Canstar’s national sentiment checker survey* of more than 1,000 Australian adults completed last week found 95% or the equivalent of 19 million^ people feel financially stressed right now.
The key driver of worry heading into August was rising inflation and living costs, and the effect this would have on the standard of living people have come to expect.
This was closely followed by concerns that savings rates will stay low for longer, resulting in less interest for people to live off. The third biggest worry among those surveyed was job loss or a reduction in working hours.
Canstar finance expert Steve Mickenbecker said the Consumer Price Index showed annual inflation for the June 2021 quarter jumped up to 3.8%, due to pandemic-related impacts on petrol prices, supply chain constraints limiting the availability of some goods and the paring back of COVID-19 financial support.
“It’s hard not to worry about inflation when it’s costing more to fill the car up at the petrol station or you’re seeing an increase in the weekly shopping bill,” Mr Mickenbecker said. “This is particularly concerning if lockdowns are impacting your earnings and you’re worried about losing your job.”
He said the Reserve Bank was unlikely to change its outlook for interest rates to remain steady until 2024 without wages going up, despite last quarter’s cost increases which are expected to be short-lived.
“Retirees are even more concerned at the prospect of inflation rising, as long term low interest rates and fixed pensions won’t keep pace. Retirement nest eggs are shrinking.”
Low savings rates and rising property prices a concern for budding first home buyers
He said low interest rates were also hurting savers hoping to see their pot of money grow into a viable deposit for their first home.
“Canstar’s analysis shows not one bank increased savings rates in July, with the top rate in the market only 1.35% or up to 3% for adults under 30 years of age. 10 years ago the average bonus savings account with $10,000 deposited was earning $500 a year but now that’s closer to $70,” Mr Mickenbecker said.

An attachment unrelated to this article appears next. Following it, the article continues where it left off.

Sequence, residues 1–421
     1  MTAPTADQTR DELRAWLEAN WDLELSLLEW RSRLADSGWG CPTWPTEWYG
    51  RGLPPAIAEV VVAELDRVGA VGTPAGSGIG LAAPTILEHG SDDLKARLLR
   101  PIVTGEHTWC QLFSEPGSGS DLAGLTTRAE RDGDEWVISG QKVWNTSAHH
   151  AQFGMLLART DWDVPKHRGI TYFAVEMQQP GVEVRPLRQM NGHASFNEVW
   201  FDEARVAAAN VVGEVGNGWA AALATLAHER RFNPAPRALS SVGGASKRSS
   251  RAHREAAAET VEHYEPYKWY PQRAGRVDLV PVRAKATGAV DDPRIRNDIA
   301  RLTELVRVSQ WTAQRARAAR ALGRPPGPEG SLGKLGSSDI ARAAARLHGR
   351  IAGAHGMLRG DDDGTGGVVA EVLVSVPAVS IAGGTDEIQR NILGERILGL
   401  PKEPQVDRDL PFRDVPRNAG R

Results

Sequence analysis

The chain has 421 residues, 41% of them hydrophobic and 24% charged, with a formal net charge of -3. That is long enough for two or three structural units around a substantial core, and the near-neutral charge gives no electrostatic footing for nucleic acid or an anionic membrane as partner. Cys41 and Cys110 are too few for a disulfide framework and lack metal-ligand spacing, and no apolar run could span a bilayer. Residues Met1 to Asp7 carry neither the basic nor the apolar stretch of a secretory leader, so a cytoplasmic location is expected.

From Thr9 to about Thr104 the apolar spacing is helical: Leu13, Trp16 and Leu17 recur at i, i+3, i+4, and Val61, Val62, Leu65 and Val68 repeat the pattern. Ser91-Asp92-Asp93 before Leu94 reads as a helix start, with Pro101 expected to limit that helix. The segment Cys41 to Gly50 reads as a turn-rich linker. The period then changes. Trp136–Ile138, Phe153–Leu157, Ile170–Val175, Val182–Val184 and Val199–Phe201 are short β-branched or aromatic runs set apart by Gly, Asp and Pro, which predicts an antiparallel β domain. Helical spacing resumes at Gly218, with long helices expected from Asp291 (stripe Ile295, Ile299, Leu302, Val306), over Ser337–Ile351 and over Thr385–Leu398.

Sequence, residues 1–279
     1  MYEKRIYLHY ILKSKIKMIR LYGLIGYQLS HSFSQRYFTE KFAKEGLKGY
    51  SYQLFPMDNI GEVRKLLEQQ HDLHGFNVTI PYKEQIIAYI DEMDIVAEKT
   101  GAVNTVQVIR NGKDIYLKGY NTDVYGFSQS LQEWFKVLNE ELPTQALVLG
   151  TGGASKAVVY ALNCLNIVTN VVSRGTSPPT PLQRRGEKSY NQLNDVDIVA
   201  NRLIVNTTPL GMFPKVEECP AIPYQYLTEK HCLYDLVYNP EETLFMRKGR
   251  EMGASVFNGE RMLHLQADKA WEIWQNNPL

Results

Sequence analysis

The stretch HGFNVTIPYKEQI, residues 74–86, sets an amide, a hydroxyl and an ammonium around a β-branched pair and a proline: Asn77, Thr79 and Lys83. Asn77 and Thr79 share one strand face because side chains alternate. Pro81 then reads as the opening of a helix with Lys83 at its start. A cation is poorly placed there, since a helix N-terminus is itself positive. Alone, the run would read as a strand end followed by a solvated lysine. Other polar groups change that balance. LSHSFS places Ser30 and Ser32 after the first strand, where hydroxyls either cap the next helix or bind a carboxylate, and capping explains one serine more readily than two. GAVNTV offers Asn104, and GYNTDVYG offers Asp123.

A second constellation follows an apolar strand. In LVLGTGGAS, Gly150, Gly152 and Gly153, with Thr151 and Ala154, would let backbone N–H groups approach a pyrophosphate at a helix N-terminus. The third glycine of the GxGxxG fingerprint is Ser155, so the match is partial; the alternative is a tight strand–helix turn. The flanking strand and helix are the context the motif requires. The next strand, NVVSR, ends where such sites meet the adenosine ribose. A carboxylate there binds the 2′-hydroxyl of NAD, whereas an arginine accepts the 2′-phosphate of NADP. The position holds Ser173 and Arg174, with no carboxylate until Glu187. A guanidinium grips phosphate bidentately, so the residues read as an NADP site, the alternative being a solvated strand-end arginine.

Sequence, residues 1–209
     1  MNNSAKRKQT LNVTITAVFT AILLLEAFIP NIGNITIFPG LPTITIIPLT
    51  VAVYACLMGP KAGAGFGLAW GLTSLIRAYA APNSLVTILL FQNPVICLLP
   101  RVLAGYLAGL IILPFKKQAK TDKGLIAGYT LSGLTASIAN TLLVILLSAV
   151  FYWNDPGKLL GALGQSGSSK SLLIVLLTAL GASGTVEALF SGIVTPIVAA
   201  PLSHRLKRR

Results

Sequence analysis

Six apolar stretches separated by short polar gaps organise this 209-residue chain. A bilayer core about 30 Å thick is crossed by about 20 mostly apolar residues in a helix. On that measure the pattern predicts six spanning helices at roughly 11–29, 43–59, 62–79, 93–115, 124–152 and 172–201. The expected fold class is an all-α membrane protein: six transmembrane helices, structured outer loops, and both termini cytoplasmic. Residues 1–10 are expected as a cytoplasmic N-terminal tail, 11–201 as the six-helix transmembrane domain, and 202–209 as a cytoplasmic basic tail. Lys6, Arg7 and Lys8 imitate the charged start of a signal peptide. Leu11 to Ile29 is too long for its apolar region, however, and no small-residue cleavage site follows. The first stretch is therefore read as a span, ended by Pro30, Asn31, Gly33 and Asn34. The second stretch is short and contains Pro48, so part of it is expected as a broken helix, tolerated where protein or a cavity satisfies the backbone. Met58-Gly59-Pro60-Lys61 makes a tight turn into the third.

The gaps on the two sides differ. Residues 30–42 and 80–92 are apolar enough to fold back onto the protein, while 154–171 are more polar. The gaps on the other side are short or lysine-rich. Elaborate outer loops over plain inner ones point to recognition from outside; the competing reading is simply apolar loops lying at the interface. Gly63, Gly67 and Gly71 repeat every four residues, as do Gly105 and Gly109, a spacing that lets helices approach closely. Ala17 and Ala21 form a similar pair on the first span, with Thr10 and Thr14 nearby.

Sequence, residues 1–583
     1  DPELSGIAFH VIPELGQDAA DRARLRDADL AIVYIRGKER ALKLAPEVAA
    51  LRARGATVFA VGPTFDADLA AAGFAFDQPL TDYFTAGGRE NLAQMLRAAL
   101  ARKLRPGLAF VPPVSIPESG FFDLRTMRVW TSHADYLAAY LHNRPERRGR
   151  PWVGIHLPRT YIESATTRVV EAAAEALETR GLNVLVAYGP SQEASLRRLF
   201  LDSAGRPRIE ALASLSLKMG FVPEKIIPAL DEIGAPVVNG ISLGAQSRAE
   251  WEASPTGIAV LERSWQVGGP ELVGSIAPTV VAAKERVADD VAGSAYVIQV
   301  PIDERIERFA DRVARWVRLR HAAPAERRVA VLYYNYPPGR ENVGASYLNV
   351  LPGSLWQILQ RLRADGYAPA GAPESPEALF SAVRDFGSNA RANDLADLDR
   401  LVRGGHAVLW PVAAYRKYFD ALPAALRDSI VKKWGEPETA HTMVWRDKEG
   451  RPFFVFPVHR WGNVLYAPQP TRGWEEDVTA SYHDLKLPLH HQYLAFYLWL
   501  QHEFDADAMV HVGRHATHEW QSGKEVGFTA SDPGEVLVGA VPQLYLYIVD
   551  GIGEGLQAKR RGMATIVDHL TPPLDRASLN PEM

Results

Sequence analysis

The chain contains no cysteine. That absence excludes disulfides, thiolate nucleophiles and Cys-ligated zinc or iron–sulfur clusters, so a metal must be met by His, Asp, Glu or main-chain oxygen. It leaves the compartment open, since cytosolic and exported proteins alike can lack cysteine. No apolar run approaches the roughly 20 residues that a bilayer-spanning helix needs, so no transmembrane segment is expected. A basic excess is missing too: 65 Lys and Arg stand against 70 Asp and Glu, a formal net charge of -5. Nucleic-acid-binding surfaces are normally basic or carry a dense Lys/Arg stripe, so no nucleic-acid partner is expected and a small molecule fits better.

“To get a decent return, many savers are considering putting their money into higher risk investments like stocks and property. More than half of Australians feel that property is the best investment right now.”
Just over one quarter (26%) of Australians surveyed said they were concerned about the burdens emerging today for future generations who are likely to be left with a high debt load and unaffordable housing prices.
“Rising property prices and the difficulty first home buyers face to buy into the market is a concern for potential buyers and their parents. Buyers can’t be expecting lower taxes to help them into the market; today’s debt means tomorrow’s taxes,” Mr Mickenbecker said.
When asked what the biggest impact lockdowns would have on the property market in Australia, topping the list was rising property prices caused by a limited supply of houses and units coming onto the market and increased demand for regional areas.
“With remote working and the perception that low density living has offered greater protection from some of the effects of the pandemic, almost a quarter of Australians expect ‘escape to the country’ and the growth of regional centres to become an entrenched trend, increasing demand for property there,” Mr Mickenbecker said.
*Source: www.canstar.com.au. Nationally representative survey of 1,024 Australians aged 18+ conducted week commencing 26 July 2021.
^Based on ABS Population statistics for adults aged 18 and over: 95% is the equivalent of 19,035,683 Australian adults.